In a television series, you get several episodes, one after the other. A series circuit is similar. You get several components one after the other.
If you follow the circuit diagram from one side of the cell to the other, you should pass through all the different components, one after the other, without any branches.
In a series circuit, if a lamp breaks or a component is disconnected, the circuit is broken and all the components stop working.
Series circuits are useful if you want a warning that one of the components in the circuit has failed. They also use less wiring than parallel circuits.
The current is the same everywhere in a series circuit. It does not matter where you put the ammeter, it will give you the same reading.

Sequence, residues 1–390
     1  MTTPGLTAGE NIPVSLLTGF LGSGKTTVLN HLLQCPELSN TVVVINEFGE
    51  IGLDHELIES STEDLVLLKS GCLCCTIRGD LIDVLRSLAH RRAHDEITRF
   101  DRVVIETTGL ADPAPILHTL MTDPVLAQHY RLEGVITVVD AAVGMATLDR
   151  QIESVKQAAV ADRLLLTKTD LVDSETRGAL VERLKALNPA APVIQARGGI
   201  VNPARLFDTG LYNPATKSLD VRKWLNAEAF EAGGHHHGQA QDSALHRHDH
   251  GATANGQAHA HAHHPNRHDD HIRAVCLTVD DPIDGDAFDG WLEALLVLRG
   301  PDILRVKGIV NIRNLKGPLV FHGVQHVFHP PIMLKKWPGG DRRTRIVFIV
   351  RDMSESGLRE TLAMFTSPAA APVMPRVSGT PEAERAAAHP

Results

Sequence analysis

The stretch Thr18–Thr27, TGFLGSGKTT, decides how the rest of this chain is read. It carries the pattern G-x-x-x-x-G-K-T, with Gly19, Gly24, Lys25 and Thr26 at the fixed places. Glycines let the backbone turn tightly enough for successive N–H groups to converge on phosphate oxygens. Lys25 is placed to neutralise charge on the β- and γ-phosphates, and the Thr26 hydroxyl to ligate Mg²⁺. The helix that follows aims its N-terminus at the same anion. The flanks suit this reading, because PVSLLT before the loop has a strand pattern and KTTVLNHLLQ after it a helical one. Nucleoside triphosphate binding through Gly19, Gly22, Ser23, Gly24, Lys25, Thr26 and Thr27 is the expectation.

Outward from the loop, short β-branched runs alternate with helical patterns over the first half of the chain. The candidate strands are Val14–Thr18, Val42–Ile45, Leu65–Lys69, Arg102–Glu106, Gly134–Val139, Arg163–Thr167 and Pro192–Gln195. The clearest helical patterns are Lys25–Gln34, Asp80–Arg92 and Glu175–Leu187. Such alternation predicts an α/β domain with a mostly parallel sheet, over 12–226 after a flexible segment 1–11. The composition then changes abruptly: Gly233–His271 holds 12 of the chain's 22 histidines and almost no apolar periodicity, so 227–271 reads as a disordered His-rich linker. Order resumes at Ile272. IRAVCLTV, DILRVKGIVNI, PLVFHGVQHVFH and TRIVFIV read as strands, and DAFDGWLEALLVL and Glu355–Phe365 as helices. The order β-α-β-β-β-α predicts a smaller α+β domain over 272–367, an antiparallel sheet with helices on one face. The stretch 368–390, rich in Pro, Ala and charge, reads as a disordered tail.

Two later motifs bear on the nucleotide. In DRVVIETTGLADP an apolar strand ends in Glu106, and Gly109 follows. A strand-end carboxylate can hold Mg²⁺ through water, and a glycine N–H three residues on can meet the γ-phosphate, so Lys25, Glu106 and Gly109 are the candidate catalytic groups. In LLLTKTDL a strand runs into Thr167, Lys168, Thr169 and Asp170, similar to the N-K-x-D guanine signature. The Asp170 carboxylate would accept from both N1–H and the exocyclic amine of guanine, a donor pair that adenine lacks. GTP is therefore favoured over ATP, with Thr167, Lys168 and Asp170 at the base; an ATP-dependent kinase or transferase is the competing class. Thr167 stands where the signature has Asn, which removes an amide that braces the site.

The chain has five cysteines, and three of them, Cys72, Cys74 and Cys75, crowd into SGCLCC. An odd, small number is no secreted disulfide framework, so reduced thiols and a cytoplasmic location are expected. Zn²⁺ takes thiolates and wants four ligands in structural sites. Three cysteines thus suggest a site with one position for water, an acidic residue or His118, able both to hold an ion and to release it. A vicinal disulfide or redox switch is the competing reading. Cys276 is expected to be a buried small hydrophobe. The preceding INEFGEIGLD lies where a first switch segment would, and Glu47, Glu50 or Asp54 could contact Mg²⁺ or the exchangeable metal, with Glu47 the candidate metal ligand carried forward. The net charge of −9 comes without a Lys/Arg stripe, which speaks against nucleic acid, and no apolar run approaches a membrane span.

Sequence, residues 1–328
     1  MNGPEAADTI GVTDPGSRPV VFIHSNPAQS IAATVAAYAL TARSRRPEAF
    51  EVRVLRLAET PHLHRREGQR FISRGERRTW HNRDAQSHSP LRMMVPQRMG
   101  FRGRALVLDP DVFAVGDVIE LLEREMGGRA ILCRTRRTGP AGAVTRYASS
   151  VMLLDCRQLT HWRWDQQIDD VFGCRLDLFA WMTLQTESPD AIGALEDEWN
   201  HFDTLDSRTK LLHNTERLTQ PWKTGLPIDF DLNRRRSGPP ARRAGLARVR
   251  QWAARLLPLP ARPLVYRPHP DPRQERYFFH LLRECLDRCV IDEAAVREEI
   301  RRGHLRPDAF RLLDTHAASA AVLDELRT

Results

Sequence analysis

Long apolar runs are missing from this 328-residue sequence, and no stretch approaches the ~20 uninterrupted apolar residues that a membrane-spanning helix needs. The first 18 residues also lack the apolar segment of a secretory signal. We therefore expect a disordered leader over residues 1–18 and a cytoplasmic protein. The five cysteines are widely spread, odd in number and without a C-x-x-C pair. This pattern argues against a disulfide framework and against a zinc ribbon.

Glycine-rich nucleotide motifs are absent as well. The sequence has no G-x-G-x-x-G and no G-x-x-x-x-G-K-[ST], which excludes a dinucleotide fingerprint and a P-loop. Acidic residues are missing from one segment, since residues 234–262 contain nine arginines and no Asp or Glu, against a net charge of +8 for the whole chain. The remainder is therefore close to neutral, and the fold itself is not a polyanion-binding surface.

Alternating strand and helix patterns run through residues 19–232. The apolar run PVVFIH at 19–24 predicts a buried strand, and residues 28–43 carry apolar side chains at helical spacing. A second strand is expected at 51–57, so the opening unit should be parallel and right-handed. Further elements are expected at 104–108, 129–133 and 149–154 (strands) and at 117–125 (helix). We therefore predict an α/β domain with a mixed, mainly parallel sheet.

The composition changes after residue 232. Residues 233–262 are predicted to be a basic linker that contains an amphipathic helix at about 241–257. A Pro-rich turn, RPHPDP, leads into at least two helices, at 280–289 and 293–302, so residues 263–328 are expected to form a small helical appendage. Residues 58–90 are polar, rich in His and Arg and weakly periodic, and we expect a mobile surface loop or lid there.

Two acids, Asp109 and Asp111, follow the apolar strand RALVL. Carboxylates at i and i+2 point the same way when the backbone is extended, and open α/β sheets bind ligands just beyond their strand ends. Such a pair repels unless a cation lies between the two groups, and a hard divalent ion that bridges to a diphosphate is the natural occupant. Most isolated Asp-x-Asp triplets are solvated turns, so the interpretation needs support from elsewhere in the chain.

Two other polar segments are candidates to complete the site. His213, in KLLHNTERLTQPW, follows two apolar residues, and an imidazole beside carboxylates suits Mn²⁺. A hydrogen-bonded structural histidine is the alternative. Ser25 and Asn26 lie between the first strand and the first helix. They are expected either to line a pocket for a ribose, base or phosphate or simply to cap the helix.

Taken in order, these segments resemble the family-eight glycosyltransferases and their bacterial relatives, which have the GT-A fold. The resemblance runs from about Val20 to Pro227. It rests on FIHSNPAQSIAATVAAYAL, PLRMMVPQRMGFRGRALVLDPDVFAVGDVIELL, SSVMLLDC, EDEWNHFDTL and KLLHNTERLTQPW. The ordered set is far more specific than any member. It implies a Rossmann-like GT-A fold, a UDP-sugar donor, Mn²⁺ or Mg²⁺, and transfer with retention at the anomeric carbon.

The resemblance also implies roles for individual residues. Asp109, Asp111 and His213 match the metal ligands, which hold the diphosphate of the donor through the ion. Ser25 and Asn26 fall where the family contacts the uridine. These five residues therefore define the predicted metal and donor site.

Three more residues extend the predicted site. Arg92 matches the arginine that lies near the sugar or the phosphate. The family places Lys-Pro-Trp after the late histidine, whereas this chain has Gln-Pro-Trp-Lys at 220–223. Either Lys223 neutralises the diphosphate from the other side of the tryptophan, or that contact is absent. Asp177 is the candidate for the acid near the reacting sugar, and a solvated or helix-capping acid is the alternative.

The current in a series circuit depends upon the number of cells. If you make the cells face in the same direction, the more cells you add, the greater the current.
If you put more lamps into a series circuit, the lamps will be dimmer than before because less current will flow through them.
You might think that the current gets less as it flows through one component after another, but it is not like this. The current is not used up by the components in a circuit. This means that the current is the same everywhere in a series circuit, even if it has lots of lamps or other components.